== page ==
A study by Durham University researchers has demonstrated the amount of A level grade inflation over the past 20 years. The report shows pupils who got a D or E at A level in 1988 would these days have got a B. Overall grades went up by a tenth of a grade every year for the past 20 years. People who got a D or E in biology in 1988 would get a B today and a D in French would now be equivalent to a B. The statistics were produced by the Centre for Evaluation and Monitoring at Durham University, and cited by education secretary Michael Gove at an event organised by the Office of Qualifications and Examinations Regulation (Ofqual) in London. Martin Stephen, former high master of St Paul’s School, writing in the Daily Telegraph, says “world-class universities … need to recruit from the top 15 per cent of the ability band”. Grade inflation means elite students became indistinguishable from the next tier down.

Universities could be in private hands 'in six months' Times Higher, 13 October 2011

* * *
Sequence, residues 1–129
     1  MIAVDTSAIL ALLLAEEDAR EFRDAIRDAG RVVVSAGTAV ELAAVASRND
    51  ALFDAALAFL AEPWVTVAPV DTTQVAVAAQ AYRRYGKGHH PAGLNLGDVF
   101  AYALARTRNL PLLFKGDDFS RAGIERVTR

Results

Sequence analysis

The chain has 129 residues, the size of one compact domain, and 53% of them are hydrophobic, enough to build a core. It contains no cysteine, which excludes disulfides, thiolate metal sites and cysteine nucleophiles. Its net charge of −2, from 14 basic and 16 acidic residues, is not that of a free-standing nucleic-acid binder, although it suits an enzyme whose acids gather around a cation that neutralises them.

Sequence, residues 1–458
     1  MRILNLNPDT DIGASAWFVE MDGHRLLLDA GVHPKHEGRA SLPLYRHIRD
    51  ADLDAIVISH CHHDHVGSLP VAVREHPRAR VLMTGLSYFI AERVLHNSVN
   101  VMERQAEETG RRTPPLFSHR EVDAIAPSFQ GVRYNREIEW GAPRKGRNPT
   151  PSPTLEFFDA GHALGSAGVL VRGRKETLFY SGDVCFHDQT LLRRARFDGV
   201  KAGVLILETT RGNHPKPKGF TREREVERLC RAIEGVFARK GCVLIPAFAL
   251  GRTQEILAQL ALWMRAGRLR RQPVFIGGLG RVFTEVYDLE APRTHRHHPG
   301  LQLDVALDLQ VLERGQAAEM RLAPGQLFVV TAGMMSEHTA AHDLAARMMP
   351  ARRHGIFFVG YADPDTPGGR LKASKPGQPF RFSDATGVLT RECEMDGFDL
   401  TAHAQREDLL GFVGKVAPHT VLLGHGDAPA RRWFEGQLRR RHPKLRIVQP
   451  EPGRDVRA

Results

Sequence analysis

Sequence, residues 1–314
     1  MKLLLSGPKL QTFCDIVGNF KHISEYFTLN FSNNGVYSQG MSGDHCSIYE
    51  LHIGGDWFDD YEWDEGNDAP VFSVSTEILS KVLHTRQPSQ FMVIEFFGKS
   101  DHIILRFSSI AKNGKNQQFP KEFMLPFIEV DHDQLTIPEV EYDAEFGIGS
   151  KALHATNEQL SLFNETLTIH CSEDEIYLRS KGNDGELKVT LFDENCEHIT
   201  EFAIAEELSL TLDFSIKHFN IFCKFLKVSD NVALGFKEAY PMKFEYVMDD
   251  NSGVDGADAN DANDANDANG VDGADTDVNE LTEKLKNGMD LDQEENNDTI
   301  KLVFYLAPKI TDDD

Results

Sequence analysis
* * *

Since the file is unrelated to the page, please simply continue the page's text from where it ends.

A legal expert has predicted that a private equity firm or private higher education provider will buy a UK university “within the next six months”, the Times Higher reports. The prediction by Glynne Stanfield, a partner in the education group at Eversheds, came as he pointed to a passage from the government’s technical consultation on the White Paper proposals, which closes on 27 October, and says “It has been argued that it would be helpful to institutions to ease their ability to convert to a legal status of their choosing - for example, to make it easier for them to attract private investment." It then asks if the consultee would welcome legislative change to make the process of changing legal status easier. He said private equity firms or “trade buyers” could buy a university out and gain degree-awarding powers.